Early rising, fishing, nausea all part of vacation

I came, I saw, I hurled. That’s pretty much how I can wrap up what happened on Sunday, when I decided to get my butt out of bed almost as soon as I got in and head to the Channel Islands for some deep sea fishing.

I’m not an athletic guy, so when I heard I could engage in some kind of sport activity that didn’t expect me to run or get tackled or anything, I was intrigued. Also, I hadn’t been fishing since I was a kid, and I wanted to finally catch a fish.

At 5:15 in the morning, six friends and I departed Los Angeles and drove out to Ventura County. I was exhausted and slept in the back of the car. When we got to the marina, the sun was just peeking over the horizon. Very cool.

We got on the boat and started chugging out of the harbor. The waves were huge and I was drenched with water on more than one occasion, but it was fun.

Then nausea set in. Whereas before my friends and I were joking around and having a good time, bets were now being taken on who’d fertilize the ocean first. The motion of the ocean got the better of me, and I hit the back of the boat faster than an athlete gets busted for a scandal.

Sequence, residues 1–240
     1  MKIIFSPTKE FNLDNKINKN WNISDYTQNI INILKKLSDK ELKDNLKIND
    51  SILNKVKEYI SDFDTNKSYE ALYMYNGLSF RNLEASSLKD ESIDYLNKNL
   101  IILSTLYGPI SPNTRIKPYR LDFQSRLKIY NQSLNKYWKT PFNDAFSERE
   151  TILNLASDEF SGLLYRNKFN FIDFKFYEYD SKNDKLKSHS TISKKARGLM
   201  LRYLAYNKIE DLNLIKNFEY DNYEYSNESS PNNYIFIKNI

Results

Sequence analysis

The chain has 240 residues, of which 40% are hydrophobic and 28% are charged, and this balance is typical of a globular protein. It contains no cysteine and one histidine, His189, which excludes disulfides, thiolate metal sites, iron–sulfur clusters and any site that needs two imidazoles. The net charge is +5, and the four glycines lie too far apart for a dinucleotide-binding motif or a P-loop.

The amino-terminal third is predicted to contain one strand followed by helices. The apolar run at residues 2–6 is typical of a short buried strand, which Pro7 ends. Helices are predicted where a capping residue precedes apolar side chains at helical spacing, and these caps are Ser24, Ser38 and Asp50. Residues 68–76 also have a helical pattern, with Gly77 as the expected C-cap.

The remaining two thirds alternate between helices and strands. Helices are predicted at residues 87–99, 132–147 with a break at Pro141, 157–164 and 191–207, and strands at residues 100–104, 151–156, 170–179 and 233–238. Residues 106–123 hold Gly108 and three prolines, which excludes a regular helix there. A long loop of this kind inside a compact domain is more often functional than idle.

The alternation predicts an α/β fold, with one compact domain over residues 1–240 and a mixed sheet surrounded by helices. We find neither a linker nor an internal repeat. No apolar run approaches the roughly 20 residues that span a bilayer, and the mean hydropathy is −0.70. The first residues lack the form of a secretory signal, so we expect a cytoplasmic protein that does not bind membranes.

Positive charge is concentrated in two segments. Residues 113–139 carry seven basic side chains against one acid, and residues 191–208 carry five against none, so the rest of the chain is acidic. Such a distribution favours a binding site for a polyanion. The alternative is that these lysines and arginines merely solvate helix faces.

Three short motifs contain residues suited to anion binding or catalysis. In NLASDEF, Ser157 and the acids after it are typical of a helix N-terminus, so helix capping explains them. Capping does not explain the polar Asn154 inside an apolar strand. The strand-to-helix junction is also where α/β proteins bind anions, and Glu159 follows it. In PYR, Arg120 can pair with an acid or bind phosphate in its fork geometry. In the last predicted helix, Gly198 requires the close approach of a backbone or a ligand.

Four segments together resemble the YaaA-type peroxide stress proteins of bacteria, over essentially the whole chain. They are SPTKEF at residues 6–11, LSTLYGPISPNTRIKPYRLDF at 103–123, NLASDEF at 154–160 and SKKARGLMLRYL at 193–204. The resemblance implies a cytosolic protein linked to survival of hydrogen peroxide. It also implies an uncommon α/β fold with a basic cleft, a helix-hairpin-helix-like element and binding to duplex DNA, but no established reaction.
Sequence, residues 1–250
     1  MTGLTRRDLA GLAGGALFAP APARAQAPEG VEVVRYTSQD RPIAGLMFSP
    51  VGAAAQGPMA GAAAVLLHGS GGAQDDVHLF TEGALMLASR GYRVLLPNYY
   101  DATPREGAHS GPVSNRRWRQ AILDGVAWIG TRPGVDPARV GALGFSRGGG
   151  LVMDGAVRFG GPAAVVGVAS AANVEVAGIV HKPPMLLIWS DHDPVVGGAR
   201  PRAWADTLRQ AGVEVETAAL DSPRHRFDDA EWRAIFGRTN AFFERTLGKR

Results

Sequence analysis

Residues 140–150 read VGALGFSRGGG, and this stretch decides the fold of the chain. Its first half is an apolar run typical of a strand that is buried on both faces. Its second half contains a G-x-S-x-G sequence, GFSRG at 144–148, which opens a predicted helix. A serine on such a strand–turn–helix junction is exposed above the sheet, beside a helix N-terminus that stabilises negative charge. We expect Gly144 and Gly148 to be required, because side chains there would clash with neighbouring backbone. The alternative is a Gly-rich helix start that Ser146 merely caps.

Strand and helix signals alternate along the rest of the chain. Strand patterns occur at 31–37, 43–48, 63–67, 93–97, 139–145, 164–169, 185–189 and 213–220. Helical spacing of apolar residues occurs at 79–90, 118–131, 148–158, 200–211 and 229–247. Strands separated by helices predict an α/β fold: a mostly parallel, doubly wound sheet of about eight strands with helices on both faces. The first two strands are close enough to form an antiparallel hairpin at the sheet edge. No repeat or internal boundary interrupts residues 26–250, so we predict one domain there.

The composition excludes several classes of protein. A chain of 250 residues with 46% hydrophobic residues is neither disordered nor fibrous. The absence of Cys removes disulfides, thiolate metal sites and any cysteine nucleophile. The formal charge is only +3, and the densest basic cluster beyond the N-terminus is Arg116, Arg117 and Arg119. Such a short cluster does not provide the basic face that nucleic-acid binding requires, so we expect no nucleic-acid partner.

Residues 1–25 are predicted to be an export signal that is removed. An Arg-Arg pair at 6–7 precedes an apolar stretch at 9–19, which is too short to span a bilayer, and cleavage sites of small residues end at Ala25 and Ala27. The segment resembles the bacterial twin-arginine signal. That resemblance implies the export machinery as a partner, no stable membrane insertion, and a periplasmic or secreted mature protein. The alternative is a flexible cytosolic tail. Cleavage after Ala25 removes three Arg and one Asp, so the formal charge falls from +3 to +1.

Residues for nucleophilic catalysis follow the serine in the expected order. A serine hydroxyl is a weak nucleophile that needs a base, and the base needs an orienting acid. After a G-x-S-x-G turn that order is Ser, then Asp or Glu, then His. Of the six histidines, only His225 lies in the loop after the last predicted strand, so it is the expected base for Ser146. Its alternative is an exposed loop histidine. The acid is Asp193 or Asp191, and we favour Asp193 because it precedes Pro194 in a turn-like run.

Normally, it’s sick when someone pukes. But when everyone is doing it, it’s a bonding experience of sorts. You’re rooting on friends as they lean over the bow and taking tally on who’s lost their lunch the most. Brotherhood city.

I actually caught the first two fish. I don’t know how, since the ship’s captain and his buddies were fishing with us also, but I pulled up two mackerel at once. That’s when the debate started. I didn’t want to kill the fish; I’d taught them a lesson about going for free squid, but everyone else was telling me to drop them in the burlap bag I’d been provided with.

“You don’t want to keep the fish?” I was asked by several people.

“I don’t want to be responsible for the death of some animal I could care less about,” I said. “You only get one shot on earth and I’m not playing God with Flipper.”

“You eat meat, right?” I answered yes. “How can you eat that and not these fish?”

“Well,” I said, “I’m not the one chopping a flank off Betsy and barbecuing it on the spot. I’m not looking at the big eyes on the fish that’s still breathing and gutting it. I eat meat when I don’t have to look at the animal die.”

Everyone was tired of fishing around 2 p.m., and even though we chartered the boat ourselves, because the captain was still fishing, we didn’t go back. When the engine died and we thought we’d be trapped on the high seas for a couple more hours, suicide was contemplated.

The day was fun because of the friends, despite the nausea and disorientation I felt all day. And we grilled up some tasty bonito that night.